Research on Error-Related Hospital Deaths Is Flawed


The American news media is telling the public that medical errors are the third leading cause of death in America, based on a misleading article in the BMJ (formerly the British Medical Journal), states AAPS. But the article has such serious flaws that it should never have been published, according to an article by Gerard Gianoli, M.D., and John Dale Dunn, M.D., J.D., in the winter issue of the Journal of American Physicians and Surgeons.

Dr. Gianoli is a neuro-otologist practicing at the Ear and Balance Institute in Covington, La., and Dr. Dunn is an emergency physician in Texas.

The 251,454 “preventable medical deaths” per year that Makary and Daniel “found” for their BMJ article sound frightening, but they are actually just calculated or extrapolated from a mere fourteen (14) cases reported in the papers they cited. As the errors “may have”—or may not have caused the death, there may actually have been zero deaths caused by errors, Gianoli and Dunn point out.

Gianoli and Dunn ALSO note that Makary and Daniels did not do any new research but simply reviewed four studies published between 2000 and 2008. They disregarded other studies that would not have supported their hypothesis. And they used an expansive definition of error that includes an act that “did not achieve its desired outcome.”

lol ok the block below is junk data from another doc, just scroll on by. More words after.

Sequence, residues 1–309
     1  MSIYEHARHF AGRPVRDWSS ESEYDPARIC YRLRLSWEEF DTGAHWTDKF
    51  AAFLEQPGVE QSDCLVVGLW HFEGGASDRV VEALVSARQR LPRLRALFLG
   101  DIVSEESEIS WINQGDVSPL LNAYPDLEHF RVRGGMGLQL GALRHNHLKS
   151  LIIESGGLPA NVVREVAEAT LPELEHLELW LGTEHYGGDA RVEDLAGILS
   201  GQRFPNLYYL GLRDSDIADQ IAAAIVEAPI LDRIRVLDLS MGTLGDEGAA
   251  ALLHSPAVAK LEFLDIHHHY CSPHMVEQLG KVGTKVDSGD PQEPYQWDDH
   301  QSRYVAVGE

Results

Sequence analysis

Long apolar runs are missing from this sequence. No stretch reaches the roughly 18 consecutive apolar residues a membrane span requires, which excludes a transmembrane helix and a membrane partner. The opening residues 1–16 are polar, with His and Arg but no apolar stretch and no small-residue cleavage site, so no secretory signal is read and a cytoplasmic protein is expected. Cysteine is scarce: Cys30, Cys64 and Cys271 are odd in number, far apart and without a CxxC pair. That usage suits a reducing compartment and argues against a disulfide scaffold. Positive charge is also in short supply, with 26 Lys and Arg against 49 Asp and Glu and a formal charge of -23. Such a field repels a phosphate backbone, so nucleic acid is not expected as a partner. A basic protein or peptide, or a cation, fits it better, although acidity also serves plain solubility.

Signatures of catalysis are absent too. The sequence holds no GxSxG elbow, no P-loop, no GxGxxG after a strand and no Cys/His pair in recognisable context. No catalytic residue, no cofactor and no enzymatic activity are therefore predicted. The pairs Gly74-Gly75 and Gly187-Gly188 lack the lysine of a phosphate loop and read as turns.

The widely publicized studies relied on by the Institute of Medicine as well as Makary and Daniel screened charts for adverse outcomes, a method that encourages outcome bias. Gianoli and Dunn contrast these with the far more robust studies done for the Texas Medical Foundation, which actually reviewed 318,000 medical records. The TMF studies showed a positive patient safety picture, with a low rate of negligence events causing injury or death, stable for three decades. TMF studied high-risk Medicare patients, Gianoli and Dunn added.

“Death due to medical errors is an important and serious topic,” Gianoli and Dunn state. “It deserves careful consideration. However, exaggerating the severity of the problem of in-hospital medical errors supposedly leading to death does no service to the cause of improving patient safety.”

Exaggerating the problem has the political effect of denigrating the medical profession, and supporting the agenda of greater government control, with formerly independent professionals becoming servants of the system, they conclude.

The Journal of American Physicians and Surgeons is published by the Association of American Physicians and Surgeons (AAPS), a national organization representing physicians in all specialties since 1943.


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